The most important piece of advice you could take from this is to always ask for help if you feel like you are up the college creek without a paddle – never be alone in your fears or feelings of isolation. Talk to your Mum, your aunt, your friend from home or someone who has done your course before. There are always staff on hand at college to help you, too, if you feel overwhelmed.

Take heed of DeSay’s advice – she’s been there before: “Don’t forget that you are not the only one. Not everyone fits in straight away. Persevere, join a club, talk to the people you feel most comfortable talking to and don’t forget that this is just another step, one that you are taking for the first time and it’s alright to be a little bit scared.”


Leaving my small school in Co Sligo and coming to UCD, a college of 24,000 students, was the start of a new adventure – very exciting but also extremely daunting. The first year was quite overwhelming, it was so easy to go unnoticed in huge lecture theatres and the idea of making friends was scary. The longer I put off stepping out of my comfort zone, the more intimidating the prospect became. It was very easy to feel lost and lonely.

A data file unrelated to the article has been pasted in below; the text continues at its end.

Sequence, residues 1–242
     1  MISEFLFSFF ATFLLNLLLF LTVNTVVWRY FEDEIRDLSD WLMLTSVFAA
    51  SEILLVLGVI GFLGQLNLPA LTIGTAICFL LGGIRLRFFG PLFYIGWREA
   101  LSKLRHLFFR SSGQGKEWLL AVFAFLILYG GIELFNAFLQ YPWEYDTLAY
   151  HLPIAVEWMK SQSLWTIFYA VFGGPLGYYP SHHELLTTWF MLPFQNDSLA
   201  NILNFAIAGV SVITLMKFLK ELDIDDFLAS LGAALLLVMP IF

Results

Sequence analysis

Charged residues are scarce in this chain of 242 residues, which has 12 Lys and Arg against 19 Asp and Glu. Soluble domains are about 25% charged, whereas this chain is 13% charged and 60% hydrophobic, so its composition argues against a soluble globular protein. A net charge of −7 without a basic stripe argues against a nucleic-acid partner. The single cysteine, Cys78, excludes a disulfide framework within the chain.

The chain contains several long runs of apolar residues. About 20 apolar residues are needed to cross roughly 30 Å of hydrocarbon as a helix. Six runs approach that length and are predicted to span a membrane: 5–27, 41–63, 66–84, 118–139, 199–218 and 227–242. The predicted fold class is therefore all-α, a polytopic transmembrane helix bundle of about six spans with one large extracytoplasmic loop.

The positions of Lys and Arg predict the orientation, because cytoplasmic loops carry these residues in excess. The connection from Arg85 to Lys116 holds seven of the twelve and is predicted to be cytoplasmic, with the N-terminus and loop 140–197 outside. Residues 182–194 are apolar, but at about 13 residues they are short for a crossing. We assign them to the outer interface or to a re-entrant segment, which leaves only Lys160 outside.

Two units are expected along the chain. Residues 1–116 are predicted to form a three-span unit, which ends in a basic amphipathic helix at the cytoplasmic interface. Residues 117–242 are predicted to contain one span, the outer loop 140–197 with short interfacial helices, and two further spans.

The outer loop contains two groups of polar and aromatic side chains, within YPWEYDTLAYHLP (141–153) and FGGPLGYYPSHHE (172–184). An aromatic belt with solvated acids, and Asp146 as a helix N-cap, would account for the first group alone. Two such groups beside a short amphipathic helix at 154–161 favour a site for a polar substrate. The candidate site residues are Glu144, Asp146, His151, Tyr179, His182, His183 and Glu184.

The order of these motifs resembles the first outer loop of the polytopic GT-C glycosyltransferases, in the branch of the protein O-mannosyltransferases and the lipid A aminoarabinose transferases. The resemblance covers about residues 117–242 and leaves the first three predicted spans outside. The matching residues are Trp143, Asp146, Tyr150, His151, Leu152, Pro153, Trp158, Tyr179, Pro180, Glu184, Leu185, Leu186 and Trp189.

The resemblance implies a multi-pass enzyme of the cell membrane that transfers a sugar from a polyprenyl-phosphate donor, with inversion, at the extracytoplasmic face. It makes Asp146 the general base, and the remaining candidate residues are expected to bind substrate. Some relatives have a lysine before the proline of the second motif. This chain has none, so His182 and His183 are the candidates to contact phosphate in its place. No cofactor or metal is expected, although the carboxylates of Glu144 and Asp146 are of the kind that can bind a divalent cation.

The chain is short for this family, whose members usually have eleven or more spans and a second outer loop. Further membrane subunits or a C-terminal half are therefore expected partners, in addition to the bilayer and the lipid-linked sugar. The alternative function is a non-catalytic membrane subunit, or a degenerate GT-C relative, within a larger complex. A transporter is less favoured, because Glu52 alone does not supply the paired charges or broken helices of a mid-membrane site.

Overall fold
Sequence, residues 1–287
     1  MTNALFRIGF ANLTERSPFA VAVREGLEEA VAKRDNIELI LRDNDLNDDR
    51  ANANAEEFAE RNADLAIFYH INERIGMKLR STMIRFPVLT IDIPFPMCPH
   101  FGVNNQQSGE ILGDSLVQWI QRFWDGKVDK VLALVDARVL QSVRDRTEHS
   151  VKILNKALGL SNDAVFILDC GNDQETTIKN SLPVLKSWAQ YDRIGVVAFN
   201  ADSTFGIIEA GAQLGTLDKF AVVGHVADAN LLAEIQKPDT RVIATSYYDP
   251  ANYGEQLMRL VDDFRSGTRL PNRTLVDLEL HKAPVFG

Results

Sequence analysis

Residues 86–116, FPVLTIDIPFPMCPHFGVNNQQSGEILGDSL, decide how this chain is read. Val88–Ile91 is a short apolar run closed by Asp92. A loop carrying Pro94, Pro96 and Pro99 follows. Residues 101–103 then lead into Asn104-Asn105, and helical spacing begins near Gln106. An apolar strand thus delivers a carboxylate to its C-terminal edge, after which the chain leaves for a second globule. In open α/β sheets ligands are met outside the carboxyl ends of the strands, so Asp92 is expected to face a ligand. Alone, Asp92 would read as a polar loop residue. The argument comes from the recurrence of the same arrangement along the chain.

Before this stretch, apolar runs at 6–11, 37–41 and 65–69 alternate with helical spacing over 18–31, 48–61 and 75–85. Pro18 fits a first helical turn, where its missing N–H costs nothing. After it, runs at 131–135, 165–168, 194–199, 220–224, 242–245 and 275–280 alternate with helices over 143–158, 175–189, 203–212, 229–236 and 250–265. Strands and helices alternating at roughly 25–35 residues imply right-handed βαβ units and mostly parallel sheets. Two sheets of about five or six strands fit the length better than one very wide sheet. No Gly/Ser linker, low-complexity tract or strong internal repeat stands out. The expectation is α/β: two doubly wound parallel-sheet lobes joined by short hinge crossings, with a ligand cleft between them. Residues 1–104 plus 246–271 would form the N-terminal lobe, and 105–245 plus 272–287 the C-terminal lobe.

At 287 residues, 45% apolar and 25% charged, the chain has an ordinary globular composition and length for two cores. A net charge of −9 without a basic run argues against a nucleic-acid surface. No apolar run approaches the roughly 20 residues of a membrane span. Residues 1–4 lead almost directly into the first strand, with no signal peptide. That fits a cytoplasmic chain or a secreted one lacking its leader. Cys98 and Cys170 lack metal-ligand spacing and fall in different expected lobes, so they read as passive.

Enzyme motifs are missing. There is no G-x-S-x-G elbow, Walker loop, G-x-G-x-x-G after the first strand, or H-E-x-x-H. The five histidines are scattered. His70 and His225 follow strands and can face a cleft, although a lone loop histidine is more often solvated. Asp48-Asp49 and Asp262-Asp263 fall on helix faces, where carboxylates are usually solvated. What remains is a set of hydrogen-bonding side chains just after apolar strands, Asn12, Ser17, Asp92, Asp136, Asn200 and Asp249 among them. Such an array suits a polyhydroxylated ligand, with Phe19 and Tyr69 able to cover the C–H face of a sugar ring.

By the end of my second semester I felt very down, I had been outgoing in school yet seemed to have failed to make more than one friend that whole year in college.

When second year rolled round, I decided I was going to make a conscious effort to put myself out there, out of my comfort zone and try to meet new people. I signed up to join the Welfare Crew, a group of students who campaign for equality, mental health and well-being on campus.

The first meeting was terrifying. I had butterflies in the pit of my stomach, but I was met by the most friendly, welcoming group of students I had ever encountered. They made me feel part of their little family and I found my home in UCD. I met some of my best friends there and it gave me the confidence to go out and meet more people.

If you’re feeling down in college, don’t worry and don’t give up. You are not alone. Find your home on campus – look out for groups or societies who are involved in an area you’re passionate about. Take that one step out forward – you won’t regret it. Going to that first Welfare Crew meeting shaped my whole college experience and I am forever grateful to that group of students who made me feel part of something.